Newspaper article The Journal (Newcastle, England)

A Hated Move Is Now Love Affair Thanks to Beauty; Opinion

Newspaper article The Journal (Newcastle, England)

A Hated Move Is Now Love Affair Thanks to Beauty; Opinion

Article excerpt

Byline: Geoffrey Weipert

THE comments of Lord Howell regarding fracking caused me to reminisce about my own thoughts on the North East... and as "a southerner" how they have changed over the years.

I will say before I go any further, that today I love the region and its people. However, this wasn't always the case.

It's 35 years since I was forced to relocate to the area by the London-based company I worked for. Until then, I had never lived outside of the South East for any extended period of time.

I am afraid to say that I was initially very reticent about such a move. My wife was positively apoplectic at the thought of having to mix with "grim Northerners" in a bleak industrial backwater.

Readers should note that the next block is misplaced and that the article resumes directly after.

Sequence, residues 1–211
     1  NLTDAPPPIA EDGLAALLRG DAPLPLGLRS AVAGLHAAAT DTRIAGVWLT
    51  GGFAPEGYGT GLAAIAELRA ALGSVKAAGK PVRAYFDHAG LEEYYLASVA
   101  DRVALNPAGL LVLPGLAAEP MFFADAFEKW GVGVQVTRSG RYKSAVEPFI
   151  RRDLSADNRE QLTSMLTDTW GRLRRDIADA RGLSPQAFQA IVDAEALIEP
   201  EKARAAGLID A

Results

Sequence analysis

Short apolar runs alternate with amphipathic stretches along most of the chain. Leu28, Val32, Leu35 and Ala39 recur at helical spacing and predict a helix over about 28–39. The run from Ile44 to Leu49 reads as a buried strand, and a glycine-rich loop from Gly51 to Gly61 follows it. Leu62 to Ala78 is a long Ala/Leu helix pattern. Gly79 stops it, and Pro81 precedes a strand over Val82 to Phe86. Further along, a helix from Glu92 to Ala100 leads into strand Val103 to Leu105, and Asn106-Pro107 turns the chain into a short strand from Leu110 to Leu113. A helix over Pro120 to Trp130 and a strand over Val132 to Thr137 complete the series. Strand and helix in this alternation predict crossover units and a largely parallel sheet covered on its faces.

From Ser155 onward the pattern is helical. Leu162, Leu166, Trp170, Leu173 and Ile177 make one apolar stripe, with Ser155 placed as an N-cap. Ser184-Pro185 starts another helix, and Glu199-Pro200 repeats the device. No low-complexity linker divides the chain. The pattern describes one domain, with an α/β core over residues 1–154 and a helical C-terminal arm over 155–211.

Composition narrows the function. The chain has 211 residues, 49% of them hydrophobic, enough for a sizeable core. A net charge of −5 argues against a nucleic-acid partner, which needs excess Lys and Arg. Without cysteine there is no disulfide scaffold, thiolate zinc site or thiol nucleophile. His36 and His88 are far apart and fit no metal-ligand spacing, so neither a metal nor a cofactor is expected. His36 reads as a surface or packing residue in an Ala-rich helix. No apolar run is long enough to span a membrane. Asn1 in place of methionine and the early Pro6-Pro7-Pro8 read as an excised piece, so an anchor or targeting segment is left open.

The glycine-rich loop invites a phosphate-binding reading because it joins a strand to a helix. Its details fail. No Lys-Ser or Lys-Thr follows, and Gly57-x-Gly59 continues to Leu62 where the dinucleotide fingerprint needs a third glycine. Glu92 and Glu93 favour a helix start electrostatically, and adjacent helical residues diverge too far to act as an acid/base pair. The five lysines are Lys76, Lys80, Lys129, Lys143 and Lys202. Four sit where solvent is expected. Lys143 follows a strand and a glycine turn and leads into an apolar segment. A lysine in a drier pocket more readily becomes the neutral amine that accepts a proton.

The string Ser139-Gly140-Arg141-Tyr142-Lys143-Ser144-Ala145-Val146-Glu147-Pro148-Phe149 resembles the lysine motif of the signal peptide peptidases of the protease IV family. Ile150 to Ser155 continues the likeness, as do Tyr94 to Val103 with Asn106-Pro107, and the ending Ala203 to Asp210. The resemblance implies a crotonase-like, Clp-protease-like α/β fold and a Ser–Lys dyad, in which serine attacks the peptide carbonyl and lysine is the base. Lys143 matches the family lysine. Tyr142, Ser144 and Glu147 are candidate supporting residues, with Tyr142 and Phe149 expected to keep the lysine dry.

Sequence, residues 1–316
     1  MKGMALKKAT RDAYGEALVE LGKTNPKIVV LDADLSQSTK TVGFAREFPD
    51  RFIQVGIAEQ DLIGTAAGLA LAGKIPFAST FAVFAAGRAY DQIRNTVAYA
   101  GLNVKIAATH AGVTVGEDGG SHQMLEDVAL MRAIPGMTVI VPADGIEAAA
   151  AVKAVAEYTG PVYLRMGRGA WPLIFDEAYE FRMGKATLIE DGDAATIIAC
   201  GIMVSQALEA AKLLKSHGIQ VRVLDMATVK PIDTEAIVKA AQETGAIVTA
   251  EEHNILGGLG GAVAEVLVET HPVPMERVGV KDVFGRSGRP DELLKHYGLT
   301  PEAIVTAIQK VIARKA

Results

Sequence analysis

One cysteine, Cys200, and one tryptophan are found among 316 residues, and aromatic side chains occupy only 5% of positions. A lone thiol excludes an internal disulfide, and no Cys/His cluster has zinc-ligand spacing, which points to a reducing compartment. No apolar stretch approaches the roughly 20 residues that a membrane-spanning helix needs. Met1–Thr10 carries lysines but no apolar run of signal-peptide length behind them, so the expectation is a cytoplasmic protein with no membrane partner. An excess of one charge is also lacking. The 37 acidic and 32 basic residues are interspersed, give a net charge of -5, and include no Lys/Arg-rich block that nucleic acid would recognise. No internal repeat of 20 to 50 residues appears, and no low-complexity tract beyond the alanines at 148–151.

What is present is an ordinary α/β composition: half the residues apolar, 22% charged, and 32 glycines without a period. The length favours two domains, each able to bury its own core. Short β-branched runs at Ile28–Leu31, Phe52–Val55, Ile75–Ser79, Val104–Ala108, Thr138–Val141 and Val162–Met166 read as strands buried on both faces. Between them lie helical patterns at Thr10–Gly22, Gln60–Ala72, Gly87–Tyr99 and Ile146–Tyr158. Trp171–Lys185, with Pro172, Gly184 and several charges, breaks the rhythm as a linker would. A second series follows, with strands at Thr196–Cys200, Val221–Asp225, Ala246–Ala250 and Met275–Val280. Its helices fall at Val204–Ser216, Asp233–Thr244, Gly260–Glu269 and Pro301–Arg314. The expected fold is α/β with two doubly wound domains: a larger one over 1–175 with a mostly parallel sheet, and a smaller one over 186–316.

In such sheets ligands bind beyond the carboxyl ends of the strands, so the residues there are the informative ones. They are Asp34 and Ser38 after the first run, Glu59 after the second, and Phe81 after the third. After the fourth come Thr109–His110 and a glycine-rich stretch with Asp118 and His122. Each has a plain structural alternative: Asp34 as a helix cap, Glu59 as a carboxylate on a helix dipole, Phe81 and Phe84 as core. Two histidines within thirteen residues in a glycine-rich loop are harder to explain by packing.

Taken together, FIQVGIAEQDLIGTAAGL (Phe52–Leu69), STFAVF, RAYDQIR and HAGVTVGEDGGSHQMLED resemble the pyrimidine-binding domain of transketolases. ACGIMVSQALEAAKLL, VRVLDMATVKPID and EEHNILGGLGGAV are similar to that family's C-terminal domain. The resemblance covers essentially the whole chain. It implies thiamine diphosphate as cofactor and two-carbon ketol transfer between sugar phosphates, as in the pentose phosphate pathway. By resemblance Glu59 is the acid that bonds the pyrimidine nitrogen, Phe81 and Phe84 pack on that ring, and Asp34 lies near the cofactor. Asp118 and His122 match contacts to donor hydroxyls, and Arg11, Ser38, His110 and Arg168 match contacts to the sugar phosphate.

This may sound like a terribly snobbish attitude to adopt, but you have to understand that this was the 1970s and our knowledge of the North East didn't extend beyond accidental viewings of popular TV Shows of the time such as The Likely Lads and When the Boat Comes In.

Myself and other colleagues who had been invited to move protested vehemently to such an extent that we even offered to take reduced salaries if we could avoid a move so far north.

This was to no avail and our CEO was adamant; so in September 1978, we made the journey up the A1 to Newcastle.

At that time, we were a family of three.

Integration into the North Eastern way of life was by no means easy.

There was the language barrier for starters, obviously.

It is fair to say We had bought a house in the suburb of Jesmond and, unlike today, where the population is almost exclusively non-northern, most of the residents were very definitely "Geordie". the weather was a shock to the system and the food was awful It was very difficult to converse with tradesmen and shopkeepers, as roughly only one word in five would actually be recognisably English. …

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